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Columbia Spectator Staff

Biosphere 2, the failed experiment turned hugely popular field-research facility for Columbia students, is up for sale.

The glass and steel structure in the Arizona desert contains a rain forest, desert, savanna, marsh, and salt-water ocean. But the brainchild of billionaire Edward T. Bass was always about more than just the building. For a few thousand people, it was the experience of a lifetime.

The $200 million miniature Earth was originally constructed in 1984 by Decisions Investments Corporation as part of an experimental prototype of a space colony. Biosphere 2 first made headlines in the early '90s when an experiment where researchers attempted to live in the environment for a year failed.

In 1996, Columbia joined forces with DIC to convert the structure into a research facility. The 140-acre plot of land in the Arizona desert—of which 3.1 acres are enclosed in glass—became known as Columbia's western campus. More than 1,400 students studied environmental sciences and astronomy during semester-long programs and summer courses.

The partnership ended December 22, 2003, following a lawsuit brought against Columbia by the DIC in March of that year for its failure to live up to contractual obligations to operate Biosphere 2.

Columbia's involvement in the Biosphere began under the administration of former University President George Rupp. After President Lee Bollinger's arrival at Columbia, administrative support for the Biosphere waned.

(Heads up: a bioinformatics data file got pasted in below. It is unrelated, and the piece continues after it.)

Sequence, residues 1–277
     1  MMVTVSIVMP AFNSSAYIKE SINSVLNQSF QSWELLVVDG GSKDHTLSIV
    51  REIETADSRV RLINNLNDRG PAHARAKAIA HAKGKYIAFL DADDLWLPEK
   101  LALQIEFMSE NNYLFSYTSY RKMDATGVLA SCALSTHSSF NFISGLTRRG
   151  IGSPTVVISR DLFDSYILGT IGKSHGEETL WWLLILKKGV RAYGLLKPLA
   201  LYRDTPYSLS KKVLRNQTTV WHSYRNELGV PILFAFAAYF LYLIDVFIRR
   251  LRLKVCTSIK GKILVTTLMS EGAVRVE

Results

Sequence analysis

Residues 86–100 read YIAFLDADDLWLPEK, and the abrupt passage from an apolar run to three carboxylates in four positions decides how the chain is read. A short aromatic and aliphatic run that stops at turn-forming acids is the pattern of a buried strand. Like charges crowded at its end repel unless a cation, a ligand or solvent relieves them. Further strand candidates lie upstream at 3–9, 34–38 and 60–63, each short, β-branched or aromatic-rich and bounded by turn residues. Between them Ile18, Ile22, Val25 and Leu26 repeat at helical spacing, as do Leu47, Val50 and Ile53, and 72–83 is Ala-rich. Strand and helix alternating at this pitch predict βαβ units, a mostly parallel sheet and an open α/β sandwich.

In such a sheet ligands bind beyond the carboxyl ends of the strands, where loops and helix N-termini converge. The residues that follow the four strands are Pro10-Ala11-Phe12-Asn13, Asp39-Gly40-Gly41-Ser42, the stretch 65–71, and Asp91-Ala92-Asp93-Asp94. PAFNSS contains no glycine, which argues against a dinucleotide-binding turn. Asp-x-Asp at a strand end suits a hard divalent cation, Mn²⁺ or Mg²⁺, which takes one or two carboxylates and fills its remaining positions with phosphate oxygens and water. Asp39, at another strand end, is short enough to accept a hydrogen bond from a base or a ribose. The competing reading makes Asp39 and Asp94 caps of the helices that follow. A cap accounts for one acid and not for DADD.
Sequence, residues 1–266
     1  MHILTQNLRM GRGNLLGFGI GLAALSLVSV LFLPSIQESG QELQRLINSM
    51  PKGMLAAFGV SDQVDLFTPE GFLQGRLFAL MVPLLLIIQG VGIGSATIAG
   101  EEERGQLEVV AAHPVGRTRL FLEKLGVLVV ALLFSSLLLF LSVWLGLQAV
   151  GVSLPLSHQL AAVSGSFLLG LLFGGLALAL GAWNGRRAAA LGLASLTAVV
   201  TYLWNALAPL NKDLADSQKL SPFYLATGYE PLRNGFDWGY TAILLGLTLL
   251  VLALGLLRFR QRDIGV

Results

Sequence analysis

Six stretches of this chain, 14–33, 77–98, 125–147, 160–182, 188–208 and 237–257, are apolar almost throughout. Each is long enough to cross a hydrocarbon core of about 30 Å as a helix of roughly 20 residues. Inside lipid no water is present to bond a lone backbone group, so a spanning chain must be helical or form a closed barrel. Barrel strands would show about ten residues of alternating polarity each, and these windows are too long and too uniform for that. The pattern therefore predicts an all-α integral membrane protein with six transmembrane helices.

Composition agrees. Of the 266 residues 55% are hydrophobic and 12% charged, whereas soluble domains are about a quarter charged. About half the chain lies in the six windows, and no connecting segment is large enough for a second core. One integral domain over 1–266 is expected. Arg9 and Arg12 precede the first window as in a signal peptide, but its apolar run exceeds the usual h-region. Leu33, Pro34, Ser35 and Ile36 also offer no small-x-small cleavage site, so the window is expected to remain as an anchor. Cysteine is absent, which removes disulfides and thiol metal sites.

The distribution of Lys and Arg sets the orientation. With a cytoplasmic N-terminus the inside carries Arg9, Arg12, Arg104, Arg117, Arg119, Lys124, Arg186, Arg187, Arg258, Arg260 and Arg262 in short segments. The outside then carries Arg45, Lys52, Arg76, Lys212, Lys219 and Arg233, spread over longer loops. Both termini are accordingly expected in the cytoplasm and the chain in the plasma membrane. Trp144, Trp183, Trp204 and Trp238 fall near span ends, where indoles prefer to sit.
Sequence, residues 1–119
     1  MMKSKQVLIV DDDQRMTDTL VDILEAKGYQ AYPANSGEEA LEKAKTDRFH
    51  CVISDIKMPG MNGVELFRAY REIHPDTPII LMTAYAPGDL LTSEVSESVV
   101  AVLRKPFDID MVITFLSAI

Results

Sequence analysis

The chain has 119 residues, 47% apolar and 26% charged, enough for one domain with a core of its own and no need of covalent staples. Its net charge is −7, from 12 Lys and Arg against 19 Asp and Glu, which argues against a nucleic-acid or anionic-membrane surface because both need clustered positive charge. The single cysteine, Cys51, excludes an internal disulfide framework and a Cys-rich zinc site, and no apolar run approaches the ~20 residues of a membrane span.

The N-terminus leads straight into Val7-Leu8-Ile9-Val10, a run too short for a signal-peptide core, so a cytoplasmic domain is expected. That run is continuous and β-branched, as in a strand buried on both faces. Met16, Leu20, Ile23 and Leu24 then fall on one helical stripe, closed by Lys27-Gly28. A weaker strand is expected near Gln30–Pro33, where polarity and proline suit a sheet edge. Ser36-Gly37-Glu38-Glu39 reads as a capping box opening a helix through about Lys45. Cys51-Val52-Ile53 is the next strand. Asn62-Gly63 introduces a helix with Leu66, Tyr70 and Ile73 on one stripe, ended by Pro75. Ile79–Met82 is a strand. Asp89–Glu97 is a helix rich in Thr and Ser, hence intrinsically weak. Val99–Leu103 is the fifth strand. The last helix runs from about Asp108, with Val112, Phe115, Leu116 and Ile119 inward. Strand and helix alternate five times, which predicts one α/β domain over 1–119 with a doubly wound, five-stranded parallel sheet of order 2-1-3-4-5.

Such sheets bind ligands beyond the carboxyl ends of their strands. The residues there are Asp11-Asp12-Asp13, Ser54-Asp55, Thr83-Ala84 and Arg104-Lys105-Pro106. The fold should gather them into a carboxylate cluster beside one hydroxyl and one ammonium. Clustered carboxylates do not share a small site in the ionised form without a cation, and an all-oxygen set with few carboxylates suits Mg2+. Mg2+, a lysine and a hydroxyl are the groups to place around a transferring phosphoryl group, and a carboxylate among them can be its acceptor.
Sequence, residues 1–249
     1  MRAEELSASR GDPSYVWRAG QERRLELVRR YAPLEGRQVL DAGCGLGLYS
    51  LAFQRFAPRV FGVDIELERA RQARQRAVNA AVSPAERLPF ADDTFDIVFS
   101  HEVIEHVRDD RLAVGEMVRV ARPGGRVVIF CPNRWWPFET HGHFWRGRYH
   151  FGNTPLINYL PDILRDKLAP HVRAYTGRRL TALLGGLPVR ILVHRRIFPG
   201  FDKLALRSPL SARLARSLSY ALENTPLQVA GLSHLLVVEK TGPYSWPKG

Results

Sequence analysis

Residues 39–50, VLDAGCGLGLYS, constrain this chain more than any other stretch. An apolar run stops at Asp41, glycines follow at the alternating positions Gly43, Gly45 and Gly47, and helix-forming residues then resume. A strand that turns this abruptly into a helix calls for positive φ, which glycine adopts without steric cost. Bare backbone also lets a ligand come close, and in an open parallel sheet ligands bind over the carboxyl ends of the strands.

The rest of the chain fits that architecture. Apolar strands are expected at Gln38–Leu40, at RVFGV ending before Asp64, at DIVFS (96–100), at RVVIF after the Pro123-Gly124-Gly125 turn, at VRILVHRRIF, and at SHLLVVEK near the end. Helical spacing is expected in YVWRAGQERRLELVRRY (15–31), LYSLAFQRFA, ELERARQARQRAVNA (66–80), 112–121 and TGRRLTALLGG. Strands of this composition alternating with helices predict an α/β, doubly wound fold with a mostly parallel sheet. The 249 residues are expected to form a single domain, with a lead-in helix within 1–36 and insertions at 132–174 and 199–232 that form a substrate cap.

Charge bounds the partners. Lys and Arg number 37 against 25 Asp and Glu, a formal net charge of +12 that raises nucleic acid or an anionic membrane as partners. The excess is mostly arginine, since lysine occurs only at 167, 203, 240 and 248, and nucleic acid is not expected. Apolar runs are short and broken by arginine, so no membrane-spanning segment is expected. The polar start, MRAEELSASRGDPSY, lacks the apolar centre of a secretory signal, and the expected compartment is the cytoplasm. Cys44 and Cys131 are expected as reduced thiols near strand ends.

In Jan. 2003, Barry Osmond, then president and executive director of the Biosphere, said that he had been getting signals for six months that the University wanted to pull out of Biosphere and called it "one of the most risky but most visionary programs at Columbia."

One month earlier, the Columbia administration had decided to move a recently founded Masters program in Public Administration in Earth Systems Science, Policy, and Management to the Morningside campus, a move that was widely seen as indicative of the end of the partnership.

"When the Masters program left, everyone knew," said Philip Yecko, a former professor of astronomy at the Biosphere who now teachers at MIT.

Since the research conducted at the Biosphere could be relocated to other labs, the move was not too detrimental to the research being conducted there. "It was a gift to be able to do research in the Biosphere, but you can do it in a tank in lab----—that is what is expected. The Biosphere just made it better," Yecko said.

For many of the students who studied in the desert, the program's commercial failure is overshadowed by their memorable experiences. "Yeah, it was sort of a crazy idea, but that was the magic of it," Peter Neofotis, CC '03, said. "It was giant temple of inspiration."

Potential buyers include "everything from government entities, universities, and private schools to church groups, resorts, and spas as potential owners," said Biosphere/DIC General Manager Christopher Bannon. "We'd love to see the Biosphere 2 used as a research activity, but we know that may not be the end result." The U.S. Department of Energy, Texas Christian University, and other groups have all shown interest in purchasing Biosphere 2, but no one has publicly made an offer.

As of now the Biosphere is still open as a tourist destination. The facility received more than 85,000 people last year, according to Bannon.